The Tonight Show, The Late Show and a host of other late-night staples are banning audiences amid Coronavirus fears. The news was first reported by CNN as CBS, NBC, ABC and others opted to act with caution amid the worldwide concern around the virus. Other shows like Last Week Tonight with John Oliver and Late Night with Seth Myers will also be operating without audiences too. Most of these shows are filmed in the New York area, but there has been a rising call for action among citizens and management alike in sports and entertainment.
On Twitter CNN’s Frank Pallotta wrote, “BREAKING: New York late-night shows including The Late Show, The Tonight Show and Last Week Tonight are going to start taping with no studio audience due to the concerns over the coronavirus.”
NBC released a statement that said, “The safety of our guests and employees is our top priority.” The company will be taking “precautionary measures” with The Tonight Show, Late Night and cease live audiences starting on Monday. Saturday Night Live is in the middle of a scheduled hiatus until late this month.
BREAKING: New York late night shows including The Late Show, The Tonight Show and Last Week Tonight are going to start taping with no sutdio audience due to the concerns over the coronavirus.
Story TK.— Frank Pallotta (@frankpallotta) March 11, 2020
Stephen Colbert’s program is the highest-rated show in late night and the statement from their show says there haven’t been any “specific developments at The Ed Sullivan Theater to cause concern for audiences with plans to attend the show tonight, tomorrow, or who have attended in recent weeks.”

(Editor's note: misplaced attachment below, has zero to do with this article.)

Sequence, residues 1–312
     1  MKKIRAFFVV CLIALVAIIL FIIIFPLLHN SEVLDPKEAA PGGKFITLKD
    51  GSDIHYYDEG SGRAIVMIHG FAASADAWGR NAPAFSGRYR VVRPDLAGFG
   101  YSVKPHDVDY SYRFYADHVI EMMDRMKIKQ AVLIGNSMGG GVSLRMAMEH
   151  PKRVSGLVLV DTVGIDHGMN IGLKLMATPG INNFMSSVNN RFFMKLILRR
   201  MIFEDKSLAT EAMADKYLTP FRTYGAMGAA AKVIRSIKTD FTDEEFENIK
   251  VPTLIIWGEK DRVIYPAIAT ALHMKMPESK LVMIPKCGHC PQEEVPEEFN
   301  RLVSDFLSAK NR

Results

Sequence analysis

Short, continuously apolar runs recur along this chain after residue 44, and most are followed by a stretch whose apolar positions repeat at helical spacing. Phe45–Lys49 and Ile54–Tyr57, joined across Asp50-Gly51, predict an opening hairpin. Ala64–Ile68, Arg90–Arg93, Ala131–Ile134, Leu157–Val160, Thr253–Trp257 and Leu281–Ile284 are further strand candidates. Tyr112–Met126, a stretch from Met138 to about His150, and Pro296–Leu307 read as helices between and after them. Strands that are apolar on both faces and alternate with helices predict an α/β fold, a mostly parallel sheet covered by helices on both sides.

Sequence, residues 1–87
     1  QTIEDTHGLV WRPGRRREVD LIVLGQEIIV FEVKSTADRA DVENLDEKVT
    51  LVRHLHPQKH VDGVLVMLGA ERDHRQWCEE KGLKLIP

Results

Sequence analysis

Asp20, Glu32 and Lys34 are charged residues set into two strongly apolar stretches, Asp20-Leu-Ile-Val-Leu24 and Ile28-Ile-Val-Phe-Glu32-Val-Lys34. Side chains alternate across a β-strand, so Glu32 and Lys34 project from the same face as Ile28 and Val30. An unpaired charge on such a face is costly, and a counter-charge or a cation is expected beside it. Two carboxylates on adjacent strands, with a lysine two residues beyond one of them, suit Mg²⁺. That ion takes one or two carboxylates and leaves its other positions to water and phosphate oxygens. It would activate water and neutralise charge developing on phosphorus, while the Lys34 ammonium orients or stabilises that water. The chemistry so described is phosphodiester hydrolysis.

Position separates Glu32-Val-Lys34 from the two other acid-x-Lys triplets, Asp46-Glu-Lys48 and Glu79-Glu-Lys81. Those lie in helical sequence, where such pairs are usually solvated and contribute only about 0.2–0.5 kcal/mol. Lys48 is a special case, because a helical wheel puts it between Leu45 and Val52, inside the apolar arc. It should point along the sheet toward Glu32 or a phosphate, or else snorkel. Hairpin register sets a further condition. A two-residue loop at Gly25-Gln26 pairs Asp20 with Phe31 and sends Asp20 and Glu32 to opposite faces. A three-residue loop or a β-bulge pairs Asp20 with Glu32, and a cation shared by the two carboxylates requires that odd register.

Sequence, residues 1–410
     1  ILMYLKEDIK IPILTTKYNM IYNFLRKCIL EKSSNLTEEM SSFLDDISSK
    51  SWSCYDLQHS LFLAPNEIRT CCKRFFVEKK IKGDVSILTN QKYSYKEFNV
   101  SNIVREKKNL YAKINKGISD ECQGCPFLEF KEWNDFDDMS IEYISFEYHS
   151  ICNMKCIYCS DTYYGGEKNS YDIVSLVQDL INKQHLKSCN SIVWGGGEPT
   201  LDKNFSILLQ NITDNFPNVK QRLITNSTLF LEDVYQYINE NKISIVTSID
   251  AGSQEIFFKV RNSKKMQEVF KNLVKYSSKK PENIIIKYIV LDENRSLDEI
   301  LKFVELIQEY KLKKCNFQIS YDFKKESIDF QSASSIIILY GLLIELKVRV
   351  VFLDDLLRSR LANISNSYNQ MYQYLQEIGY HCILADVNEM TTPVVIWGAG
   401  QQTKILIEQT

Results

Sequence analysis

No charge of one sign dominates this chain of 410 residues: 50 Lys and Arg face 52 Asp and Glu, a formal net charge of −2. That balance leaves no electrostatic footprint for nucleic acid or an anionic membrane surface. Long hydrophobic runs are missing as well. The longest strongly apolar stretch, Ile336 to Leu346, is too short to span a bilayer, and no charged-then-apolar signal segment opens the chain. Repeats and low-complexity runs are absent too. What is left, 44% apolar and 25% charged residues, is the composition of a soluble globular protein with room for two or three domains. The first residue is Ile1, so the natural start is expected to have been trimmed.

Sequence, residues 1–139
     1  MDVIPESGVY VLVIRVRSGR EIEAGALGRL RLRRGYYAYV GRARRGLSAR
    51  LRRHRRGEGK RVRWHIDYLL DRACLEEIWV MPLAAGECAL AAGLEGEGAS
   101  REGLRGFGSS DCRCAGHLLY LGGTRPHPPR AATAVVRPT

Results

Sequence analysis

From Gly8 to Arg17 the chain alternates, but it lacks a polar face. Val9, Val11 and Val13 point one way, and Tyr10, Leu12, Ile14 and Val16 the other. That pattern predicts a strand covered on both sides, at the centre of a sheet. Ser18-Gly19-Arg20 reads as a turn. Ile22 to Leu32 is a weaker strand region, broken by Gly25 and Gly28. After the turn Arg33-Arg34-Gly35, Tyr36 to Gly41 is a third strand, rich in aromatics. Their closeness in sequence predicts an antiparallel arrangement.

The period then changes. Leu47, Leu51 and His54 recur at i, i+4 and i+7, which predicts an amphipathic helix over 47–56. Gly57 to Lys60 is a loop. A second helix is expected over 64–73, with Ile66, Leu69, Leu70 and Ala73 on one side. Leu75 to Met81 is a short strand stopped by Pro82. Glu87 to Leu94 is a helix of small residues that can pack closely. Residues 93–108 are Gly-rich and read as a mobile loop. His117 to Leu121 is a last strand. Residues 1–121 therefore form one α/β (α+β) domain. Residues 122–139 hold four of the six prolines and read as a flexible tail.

Full Frontal’s Samantha Bee said in a statement, ”Despite the efforts being taken, we still have heard from Sean Spicer that tonight's taping 'was the largest audience ever to witness an [taping of Full Frontal], period, both in-person and around the globe.' Wow!”0comments
Disney’s former CEO Bob Iger weighed in on the concerns in recent weeks as well. “All of the movie companies that are expecting to distribute movies coming up in China, obviously are impacted by this,” he told CNBC. “Again, it is hard to tell. We have a release coming out in March, Mulan, which obviously would have been of great interest to China. It will eventually get into China, at this point, we’re not sure when. Obviously, the big issue on everybody’s mind and everyone’s concern is what’s going on with this virus. And how far will it go in terms of its impact on people.”
Have you been personally affected by these shutdowns? Let us know in the comments.
Disclosure: ComicBook is owned by CBS Interactive, a division of ViacomCBS.